The 7 worst mistakes people make when using LinkedIn

LinkedIn

Will Kintish

Like everything we do in life there’s the right way and the other way. I am sharing with you how I think you can become more professional and get more from LinkedIn. These are the 7 regular errors I see people doing or not doing once they are registered on LinkedIn.

 1. Sending a curt invitation

To start your LinkedIn online relationship you need to invite people to become part of your network. As with all new relationships the only way to do it is with courtesy, politeness and good manners.

When you use the default message Linkedin suggests “I’d like to add you to my professional network on LinkedIn”, I believe, ticks none of those boxes. It’s like attending an event and saying to someone “Hello” and leaving it at that.

‘Include a personal note (optional)’ says LinkedIn. It should read ‘We strongly recommend you send a personal note and unless you know the person very well remind them where you have previously met’.

 2. Having an unprofessional or incomplete profile

Unless you’re called Richard Branson, Bill Gates or Nelson Mandela most of us outside our small network are unknown generally. With the internet I believe even the smallest business ( 1 person is the smallest!) can become global. But you have to be visible on the net. Today we all need to be visible; in fact strategy for success is visibility. Social networking and the Internet is here to stay and if you want to ‘keep up’ you really do need to tell the world who you are, what you do and what area of expertise you have.

Networking is building relationships and every relationship we have ever built is based on 3 key stages –know; like; trust. We can’t very easily get to like and trust people online but we can get to know them. That is where an attractive and professional profile comes in. Ensure yours is complete and accurate and make it interesting and appealing. No typos, bad grammar no real names without capital letters. It’s all about first impressions. Think of it more as a mini-autobiography rather than a CV or resume so people will want to know more about you.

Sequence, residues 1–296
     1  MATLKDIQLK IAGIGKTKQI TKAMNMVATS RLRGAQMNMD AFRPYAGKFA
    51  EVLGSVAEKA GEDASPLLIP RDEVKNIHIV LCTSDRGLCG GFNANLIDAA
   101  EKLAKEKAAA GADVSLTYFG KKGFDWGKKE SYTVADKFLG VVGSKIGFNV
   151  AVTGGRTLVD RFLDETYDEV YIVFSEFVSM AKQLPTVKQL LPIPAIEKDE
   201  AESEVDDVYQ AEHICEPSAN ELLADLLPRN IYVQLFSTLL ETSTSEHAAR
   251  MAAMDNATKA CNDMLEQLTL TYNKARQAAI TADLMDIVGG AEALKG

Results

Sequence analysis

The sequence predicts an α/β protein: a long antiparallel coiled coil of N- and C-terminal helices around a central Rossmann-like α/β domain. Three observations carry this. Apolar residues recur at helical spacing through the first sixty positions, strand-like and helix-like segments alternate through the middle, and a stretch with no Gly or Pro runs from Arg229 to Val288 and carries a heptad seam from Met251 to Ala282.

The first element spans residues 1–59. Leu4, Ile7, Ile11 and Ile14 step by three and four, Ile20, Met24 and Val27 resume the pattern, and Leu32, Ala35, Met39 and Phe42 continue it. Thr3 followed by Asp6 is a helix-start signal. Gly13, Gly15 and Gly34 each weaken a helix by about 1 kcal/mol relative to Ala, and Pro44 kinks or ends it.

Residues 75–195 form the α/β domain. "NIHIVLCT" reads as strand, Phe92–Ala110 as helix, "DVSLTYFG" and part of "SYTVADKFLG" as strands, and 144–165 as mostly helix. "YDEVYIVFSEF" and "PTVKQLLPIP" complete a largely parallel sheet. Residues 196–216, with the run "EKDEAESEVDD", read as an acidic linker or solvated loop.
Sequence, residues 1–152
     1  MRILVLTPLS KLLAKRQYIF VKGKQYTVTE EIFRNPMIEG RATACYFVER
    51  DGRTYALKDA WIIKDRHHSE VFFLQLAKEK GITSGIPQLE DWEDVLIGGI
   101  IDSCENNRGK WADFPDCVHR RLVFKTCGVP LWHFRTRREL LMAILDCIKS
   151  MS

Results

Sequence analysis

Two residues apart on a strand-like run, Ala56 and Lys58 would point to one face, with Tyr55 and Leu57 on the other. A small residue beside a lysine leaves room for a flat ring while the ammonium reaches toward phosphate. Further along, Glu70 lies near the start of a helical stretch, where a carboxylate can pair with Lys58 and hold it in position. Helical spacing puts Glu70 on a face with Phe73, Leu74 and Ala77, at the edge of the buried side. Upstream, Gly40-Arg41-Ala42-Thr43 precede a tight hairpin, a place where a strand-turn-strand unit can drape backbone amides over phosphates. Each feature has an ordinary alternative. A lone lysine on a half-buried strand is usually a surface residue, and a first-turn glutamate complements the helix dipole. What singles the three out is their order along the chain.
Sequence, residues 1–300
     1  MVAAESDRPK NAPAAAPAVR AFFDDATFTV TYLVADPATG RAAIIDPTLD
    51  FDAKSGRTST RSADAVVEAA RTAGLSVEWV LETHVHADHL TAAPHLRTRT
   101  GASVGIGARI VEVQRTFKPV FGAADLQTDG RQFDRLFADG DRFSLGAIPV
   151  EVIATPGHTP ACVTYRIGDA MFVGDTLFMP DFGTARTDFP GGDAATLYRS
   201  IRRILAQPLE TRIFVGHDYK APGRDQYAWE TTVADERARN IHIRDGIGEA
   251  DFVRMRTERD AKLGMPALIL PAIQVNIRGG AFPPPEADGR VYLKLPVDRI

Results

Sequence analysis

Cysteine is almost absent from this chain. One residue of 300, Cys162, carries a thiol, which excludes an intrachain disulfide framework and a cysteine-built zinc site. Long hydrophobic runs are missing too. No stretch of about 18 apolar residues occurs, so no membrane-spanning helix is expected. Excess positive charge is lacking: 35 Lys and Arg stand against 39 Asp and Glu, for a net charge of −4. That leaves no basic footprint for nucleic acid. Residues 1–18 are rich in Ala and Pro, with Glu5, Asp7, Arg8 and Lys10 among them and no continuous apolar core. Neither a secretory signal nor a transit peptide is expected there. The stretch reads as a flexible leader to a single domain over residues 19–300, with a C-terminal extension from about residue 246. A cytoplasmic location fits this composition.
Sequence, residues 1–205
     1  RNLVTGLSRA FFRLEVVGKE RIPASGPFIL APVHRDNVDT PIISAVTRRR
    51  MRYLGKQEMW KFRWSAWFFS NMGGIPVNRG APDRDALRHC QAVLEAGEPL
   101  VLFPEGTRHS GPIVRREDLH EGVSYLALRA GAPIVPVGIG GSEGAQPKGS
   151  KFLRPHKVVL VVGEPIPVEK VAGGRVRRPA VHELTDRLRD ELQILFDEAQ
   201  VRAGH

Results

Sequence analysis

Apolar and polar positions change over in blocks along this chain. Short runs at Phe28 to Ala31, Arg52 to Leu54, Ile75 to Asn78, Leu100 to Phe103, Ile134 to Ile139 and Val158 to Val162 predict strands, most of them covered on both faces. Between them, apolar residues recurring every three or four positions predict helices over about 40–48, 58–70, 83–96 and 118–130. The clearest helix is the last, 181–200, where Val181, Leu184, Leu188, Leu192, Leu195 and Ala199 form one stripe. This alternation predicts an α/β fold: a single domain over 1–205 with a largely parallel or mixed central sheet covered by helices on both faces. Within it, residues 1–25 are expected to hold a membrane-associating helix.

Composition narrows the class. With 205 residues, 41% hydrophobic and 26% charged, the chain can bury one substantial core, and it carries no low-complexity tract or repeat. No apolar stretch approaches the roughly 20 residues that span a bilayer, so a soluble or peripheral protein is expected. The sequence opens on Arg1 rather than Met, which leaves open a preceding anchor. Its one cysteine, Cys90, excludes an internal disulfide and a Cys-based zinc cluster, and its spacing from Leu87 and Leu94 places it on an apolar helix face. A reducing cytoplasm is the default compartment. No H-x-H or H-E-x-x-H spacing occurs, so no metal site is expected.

3. Having bad ‘online’ manners

Whether you network online or offline you need to be polite, courteous and friendly. Linkedin offers you default messages which are generally short, sharp and unfriendly! Online and offline networking is precisely the same; it’s simply building relationships. By all means use your own standard messages (with some personal bits added) but don’t use the ones Linkedin give you.

When someone invites you to link in don’t just accept ; send them an instant message which should include a thank you. After all, they are opening their book of contacts for you. I invite my new level 1 contacts to join the Kintish Business Networking Group where I am able to then offer lots of freebies and much-reduced training. We have 2000+ in our group .and I encourage members to ‘network’ with each other and where I can broker an introduction I will do.

When you invite someone to link and they accept again thank them and maybe remind them what you do and how you help your existing clients.

When you get an invitation from someone you don’t instantly recognise send them a message asking how they know you and if they don’t why they want to connect.

4.  Not asking for introductions correctly